Get a degree:
It is not essential to get a degree to become a line producer, but if you’d like one, you might want to take look at ScreenSkills’ list of recommended courses and select one in film and television production. We recognise courses with our ScreenSkills Select award where they offer training in the relevant software, dedicated time to building a portfolio and have strong links with the unscripted TV industry. Courses in accounting, business or finance may also be helpful with a view to being able to manage budgets.
Get work experience:
Try to get work experience by writing to local production companies and asking if they offer any. Keep an eye out for work experience opportunities at the BBC, ITV, Channel 4, Channel 5, Sky and the PACT Indie Diversity Training Scheme.
Look outside the industry:
Get project management, business or accountancy experience in a different industry. This kind of work will provide you with skills that you can transfer to the role of line producer, such as budgeting, planning and organising.
Take a short course:
Hone your skills in accountancy and budgeting by taking a specialist course. Go to the list of training courses recommended by ScreenSkills to see if there is one. Also, get qualifications in health and safety. Filter ScreenSkills’ list of training courses by ‘health and safety’ as listed under ‘skills’.
Get to know people in the unscripted TV industry by attending events. Meet professionals and ask them questions about their work, while demonstrating interest in and knowledge of the industry. Offer to provide them with your professional contact details and try to stay in touch with them. Go to how to network well to learn how to do this.
Create a LinkedIn profile. See if there are Facebook pages or other social media groups for people making unscripted TV in your area. There might even be groups for runners and trainees. Join them. Create a ScreenSkills profile. There are a lot of crewing agencies that will charge you to be on their books. Sign up to the free ones initially. Wales Screen, Northern Ireland Screen and other areas offer free crew databases. Find a film office near you and get connected. If you do sign up to paid sites, make sure they specialise in the areas in which you’re interested.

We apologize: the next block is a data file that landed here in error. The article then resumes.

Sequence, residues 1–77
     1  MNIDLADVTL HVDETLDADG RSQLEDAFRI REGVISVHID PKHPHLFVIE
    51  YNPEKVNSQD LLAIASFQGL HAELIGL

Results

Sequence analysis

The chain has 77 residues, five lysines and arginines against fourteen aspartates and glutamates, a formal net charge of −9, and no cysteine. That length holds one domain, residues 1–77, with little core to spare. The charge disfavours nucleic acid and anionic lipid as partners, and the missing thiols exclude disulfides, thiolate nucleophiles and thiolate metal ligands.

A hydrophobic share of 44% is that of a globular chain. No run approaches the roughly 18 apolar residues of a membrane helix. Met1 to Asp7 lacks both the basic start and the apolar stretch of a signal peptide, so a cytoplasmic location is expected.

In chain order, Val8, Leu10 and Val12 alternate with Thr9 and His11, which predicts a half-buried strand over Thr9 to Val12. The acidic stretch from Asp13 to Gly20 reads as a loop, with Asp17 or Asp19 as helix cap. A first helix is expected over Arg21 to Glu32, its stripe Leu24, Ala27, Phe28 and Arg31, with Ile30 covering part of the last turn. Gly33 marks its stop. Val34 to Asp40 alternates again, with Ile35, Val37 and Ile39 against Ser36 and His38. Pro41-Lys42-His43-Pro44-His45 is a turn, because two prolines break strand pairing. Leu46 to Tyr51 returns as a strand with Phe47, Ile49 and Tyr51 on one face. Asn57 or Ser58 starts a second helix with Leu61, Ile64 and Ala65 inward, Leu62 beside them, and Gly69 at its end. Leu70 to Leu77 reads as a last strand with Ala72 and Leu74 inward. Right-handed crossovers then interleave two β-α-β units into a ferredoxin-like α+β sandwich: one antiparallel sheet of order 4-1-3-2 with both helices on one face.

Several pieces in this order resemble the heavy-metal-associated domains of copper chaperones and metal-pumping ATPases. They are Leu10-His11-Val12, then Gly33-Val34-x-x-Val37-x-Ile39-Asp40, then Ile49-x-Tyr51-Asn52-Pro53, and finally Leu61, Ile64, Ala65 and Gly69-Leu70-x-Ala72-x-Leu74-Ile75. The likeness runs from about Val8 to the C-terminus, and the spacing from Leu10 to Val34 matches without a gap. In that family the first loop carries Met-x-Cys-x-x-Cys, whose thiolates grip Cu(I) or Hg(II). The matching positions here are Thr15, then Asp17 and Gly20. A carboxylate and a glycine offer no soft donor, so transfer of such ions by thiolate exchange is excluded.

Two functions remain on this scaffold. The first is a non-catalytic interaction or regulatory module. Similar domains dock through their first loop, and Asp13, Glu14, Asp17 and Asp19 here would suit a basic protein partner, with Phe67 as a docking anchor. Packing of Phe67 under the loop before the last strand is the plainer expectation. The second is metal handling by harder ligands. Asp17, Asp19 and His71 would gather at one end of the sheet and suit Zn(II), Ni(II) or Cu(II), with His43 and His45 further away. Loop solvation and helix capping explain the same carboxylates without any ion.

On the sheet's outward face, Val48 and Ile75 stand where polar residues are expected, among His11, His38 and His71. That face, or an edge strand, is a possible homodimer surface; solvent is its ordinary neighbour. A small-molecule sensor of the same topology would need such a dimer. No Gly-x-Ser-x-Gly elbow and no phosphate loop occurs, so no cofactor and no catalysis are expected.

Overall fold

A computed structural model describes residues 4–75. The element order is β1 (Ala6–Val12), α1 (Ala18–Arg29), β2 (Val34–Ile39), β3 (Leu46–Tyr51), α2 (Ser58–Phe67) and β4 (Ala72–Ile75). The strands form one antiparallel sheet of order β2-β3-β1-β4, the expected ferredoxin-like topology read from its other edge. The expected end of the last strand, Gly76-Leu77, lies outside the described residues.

Search for jobs:
Research unscripted TV production companies that you’d like to work for and watch the programmes that they make. Regularly check their websites and job listings websites to see if they are advertising for roles. Register your CV on websites like The Talent Manager, which is used by most broadcasters and independent production companies when looking for staff. StartinTV offers tips on creating your CV and attending interviews, as well as some advice for your first day working in TV.
Covers genres ranging from period dramas to epic fantasies screened at the cinema, on TV or on streaming sites
Involves making sequences on a computer that can't be created on set, like enormous crowds and fire-breathing dragons
Combines art with programming as well as production, design and testing - the UK’s fastest growing entertainment industry